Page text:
Brahma Sarovar Temple
Lord Shiva is honoured at Sarveshwar Mahadev Temple, also known as Brahma Sarovar Temple. Lord Brahma is said to have worshipped Lord Shiva in this temple, according to legend. Every day throughout the Mahabharata War, the temple would be destroyed by war during the day and rebuilt at night. During the Mughal rulers’ reign, it was devastated, but Hari Giri Gosai Jee restored it in the 18th century. The majority of the temple is made of buff sandstone, with marble in other areas. From the compound, there are three entrance doors to the temple, each with carved flower motifs. In this temple, devotees also worship Lord Hanuman and Lord Garuda.
It’s a breathtakingly gorgeous temple situated on the Brahma Sarovar’s waters. The temple and the bank are connected by a concrete arch bridge. The greatest time to see the temple is around twilight, when you can see it from Krishna Ghat. The reddish golden colour of the setting sun reflects in the pond, giving the picture of the temple in water a saintly appearance. For evening Aarti, a large crowd gathers here. It is said that walking around the temple and listening to mantra chanting can help one’s soul recover. Visitors visiting Brahma Sarovar’s favourite photo spot is this temple.
According to Hindu traditions, it was from Kurukshetra that Lord Brahma created the universe. Kurukshetra is a small town with a lot of historical and mythological significance. According to folklore, not only was the Mahabharata war fought here, but also Lord Krishna delivered the Bhagavad Geeta discourses and Brahma established Shiva’s first Lingam. In the city, there are hundreds of temples, some of which are over 5000 years old. It’s also home to a slew of saffron-robed sages who can be found meditating under a Banyan tree, inside an ancient temple, or near a body of water. Devotees believe that simply touching the air and water of Kurukshetra will free a soul from its sins.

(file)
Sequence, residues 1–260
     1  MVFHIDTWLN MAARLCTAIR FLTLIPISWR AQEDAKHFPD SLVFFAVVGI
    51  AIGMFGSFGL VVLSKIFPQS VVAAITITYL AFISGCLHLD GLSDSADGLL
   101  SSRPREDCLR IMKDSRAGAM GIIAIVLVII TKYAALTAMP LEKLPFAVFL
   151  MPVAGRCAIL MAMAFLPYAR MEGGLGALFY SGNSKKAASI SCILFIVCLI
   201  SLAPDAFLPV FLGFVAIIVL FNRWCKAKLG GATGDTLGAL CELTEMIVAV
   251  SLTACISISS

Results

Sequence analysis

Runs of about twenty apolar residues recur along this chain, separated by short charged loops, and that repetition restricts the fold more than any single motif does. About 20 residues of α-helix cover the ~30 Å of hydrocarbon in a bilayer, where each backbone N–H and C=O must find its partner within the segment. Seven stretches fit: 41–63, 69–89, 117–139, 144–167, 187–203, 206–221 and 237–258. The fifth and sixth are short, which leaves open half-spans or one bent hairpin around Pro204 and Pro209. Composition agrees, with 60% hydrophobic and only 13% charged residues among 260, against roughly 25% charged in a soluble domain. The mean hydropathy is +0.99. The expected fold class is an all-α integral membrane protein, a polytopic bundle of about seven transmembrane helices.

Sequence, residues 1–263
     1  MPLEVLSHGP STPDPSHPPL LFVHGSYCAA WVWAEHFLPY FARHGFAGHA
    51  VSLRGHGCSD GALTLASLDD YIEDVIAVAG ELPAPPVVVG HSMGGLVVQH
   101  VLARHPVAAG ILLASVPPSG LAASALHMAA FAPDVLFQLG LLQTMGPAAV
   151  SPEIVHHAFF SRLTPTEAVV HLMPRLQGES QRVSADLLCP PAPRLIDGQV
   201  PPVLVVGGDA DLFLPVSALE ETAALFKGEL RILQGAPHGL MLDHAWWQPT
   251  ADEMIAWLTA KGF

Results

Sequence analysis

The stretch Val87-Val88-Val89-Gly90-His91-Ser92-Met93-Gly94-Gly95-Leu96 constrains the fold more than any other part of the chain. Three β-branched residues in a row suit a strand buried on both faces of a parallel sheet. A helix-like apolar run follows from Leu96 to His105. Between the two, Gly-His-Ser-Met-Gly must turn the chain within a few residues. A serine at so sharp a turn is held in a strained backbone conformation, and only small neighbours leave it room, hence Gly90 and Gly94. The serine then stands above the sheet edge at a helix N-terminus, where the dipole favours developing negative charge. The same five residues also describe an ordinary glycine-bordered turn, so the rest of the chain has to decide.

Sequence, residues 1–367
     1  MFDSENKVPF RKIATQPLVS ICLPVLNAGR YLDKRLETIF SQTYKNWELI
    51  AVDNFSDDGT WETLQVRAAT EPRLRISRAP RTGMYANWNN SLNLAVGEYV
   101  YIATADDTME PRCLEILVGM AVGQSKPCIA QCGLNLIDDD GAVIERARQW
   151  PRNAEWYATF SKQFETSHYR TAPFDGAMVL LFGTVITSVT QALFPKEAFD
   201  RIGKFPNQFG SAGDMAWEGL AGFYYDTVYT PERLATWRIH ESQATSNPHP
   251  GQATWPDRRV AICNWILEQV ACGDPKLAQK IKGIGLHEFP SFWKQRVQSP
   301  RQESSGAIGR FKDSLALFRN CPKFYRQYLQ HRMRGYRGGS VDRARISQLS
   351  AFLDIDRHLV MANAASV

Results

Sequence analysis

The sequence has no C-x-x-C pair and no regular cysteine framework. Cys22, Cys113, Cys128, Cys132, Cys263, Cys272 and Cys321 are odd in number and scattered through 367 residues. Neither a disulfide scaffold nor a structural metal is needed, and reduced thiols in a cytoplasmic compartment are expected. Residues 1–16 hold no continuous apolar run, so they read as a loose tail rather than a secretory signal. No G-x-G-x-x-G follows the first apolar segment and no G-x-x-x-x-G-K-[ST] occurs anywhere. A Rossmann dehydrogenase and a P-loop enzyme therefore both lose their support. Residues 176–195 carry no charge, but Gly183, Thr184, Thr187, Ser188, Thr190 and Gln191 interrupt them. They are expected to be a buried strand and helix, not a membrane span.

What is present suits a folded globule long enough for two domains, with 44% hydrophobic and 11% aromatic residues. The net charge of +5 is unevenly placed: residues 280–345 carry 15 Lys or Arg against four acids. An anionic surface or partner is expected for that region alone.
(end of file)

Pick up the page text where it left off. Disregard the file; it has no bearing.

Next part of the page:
According to Hindu mythology, Kurukshetra is the town from which Lord Brahma created the cosmos. According to mythology, not only was the Mahabharata war fought here, but Lord Krishna also delivered the Bhagavad Geeta discourses and Brahma also built Shiva’s first Lingam. Hundreds of temples may be found throughout the city, some of which date back over 5000 years. Many saffron-clad sages can be found meditating under a Banyan tree, inside an ancient temple, or by a water body. Devotees think that simply touching the air and water of Kurukshetra will purify a soul of its sins.
How to Reach:
The nearest airports are in Delhi and Chandigarh, both of which have road and train connections to Kurukshetra. From the airports, taxi services are also accessible. Kurukshetra is 160 kilometres away from Delhi.
Kurukshetra Railway Station, also known as Kurukshetra Junction, is on the major Delhi-Ambala Railway route. Kurukshetra is well connected to all of the country’s major cities and towns. The Shatabadi Express comes to a stop here.
By road, Kurukshetra is connected to nearby cities such as Delhi, Chandigarh, and other major locations by Haryana Roadways buses and other surrounding State Corporation buses. Buses to Delhi (160 km), Ambala (40 km), and Karnal (39 km) are accessible often. Kurukshetra lies roughly 6 kilometres from Pipli, a major road junction on the National Highway No. 1, also known as the Grand Trunk Road.